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Top 10 Dirtiest U.S. Cities

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Top 10 Dirtiest U.S. Cities

More stringent regulations and clean air initiatives have helped with the air quality problem the United States faces, but over 175 million people in the U.S.—roughly 58 percent—still suffer from pollution levels that are often dangerous, according to the American Lung Association.

The most common kinds of air pollution fall into two categories: ozone (smog) and particle pollution (soot). Breathing either does not do a body good. Air pollution is a serious health threat that affects all exposed to it. It can lead to large variety of lung ailments and can have a severe impact on cardiovascular health–it speeds up aging and it can be deadly. Some of the biggest sources of air pollution are dirty power plants, old diesel vehicles and heavy equipment, and ocean-going vessels.

Ozone (O3) is a highly reactive gas molecule composed of three oxygen atoms. Although in the upper atmosphere ozone is essential (it protects us from much of the sun’s ultraviolet radiation, thank you ozone)–ozone air pollution at our level is harmful and causes serious health problems by attacking lung tissue and causing inflammation and other damage.

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Melissa Breyer

Melissa Breyer is a writer and editor with a background in sustainable living, specializing in food, science and design. She is the co-author of True Food (National Geographic) and has edited and written for regional and international books and periodicals, including The New York Times Magazine. Melissa lives in Brooklyn, NY.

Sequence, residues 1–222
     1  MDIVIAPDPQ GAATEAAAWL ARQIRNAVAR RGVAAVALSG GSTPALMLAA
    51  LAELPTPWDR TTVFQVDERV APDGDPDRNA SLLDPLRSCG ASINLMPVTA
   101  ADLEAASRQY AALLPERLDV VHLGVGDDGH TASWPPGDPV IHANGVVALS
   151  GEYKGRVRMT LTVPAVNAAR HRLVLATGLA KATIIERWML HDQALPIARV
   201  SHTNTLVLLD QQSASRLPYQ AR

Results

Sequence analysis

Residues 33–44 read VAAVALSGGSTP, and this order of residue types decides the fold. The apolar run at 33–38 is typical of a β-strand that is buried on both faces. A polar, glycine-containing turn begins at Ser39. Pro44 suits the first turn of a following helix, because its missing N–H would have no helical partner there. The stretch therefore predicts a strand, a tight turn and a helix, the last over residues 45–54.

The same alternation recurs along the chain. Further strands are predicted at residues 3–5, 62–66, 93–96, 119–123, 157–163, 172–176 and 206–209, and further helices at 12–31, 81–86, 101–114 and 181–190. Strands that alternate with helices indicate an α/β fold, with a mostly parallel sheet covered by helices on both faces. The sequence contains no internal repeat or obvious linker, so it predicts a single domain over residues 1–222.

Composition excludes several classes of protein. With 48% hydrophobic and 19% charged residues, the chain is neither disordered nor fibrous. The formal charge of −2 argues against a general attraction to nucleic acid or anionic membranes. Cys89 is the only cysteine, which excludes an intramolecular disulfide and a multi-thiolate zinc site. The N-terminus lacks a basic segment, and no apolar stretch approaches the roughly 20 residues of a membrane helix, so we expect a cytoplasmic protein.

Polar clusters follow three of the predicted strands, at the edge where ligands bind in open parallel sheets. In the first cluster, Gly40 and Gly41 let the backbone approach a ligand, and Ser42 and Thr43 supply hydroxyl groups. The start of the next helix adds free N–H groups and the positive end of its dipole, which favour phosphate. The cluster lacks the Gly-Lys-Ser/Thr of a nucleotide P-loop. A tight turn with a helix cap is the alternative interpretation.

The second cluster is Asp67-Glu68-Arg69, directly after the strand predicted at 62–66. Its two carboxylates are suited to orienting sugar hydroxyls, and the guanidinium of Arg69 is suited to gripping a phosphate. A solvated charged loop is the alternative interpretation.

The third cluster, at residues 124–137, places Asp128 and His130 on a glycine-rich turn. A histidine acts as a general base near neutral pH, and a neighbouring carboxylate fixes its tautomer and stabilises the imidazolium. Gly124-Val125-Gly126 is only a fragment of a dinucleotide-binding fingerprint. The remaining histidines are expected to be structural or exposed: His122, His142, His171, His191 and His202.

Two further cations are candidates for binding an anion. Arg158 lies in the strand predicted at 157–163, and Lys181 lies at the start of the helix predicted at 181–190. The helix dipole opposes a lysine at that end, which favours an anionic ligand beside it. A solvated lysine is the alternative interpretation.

135 comments

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9:30PM PDT on Sep 8, 2013

sad moving the the 4th most dirtiest city in the US...oh well

4:36AM PDT on Apr 30, 2011

Interesting, thought it would be different.

8:41PM PDT on Apr 29, 2011

And Bill M. is exactly right! Too many cars, poor city planning (suburban sprawl) and poor public transportation are ruining air quality, wasting millions of hours of people's time in interstate gridlock, and uglifying the areas surrounding cities. In America, where the population is nothing compared with places like China, much of this is preventable-- get out of the cars, give people public transport, and stop building all over the place-- concentrate it and make things walkable-- there's a novel idea.

8:38PM PDT on Apr 29, 2011

Gosh, California, that's too bad. Sadly, even these cities would be clean in comparison to many many places in other countries. I don't even want to look at the list of dirtiest cities in China...just remembering them makes me start coughing. :-(

3:00PM PDT on Oct 13, 2010

Sad that the majority of these are in Cali!

11:09AM PDT on Oct 11, 2010

Yep, I knew Houston was there

12:29PM PDT on Oct 8, 2010

thank you

5:15PM PDT on Oct 6, 2010

Thrilled NYC didn't make the list.

8:39AM PDT on Oct 6, 2010

This happens when you have too many cars, low suburban development density, and not enough transportation alternatives. The irony is that although individual cars produce less pollution than four dedcades ago the increase in the number of vehicles and number of vehicles per capita more than offset improvements in technology.

10:28PM PDT on Oct 5, 2010

I lived in California, I definitely agree. The pollution and air quality are very bad.

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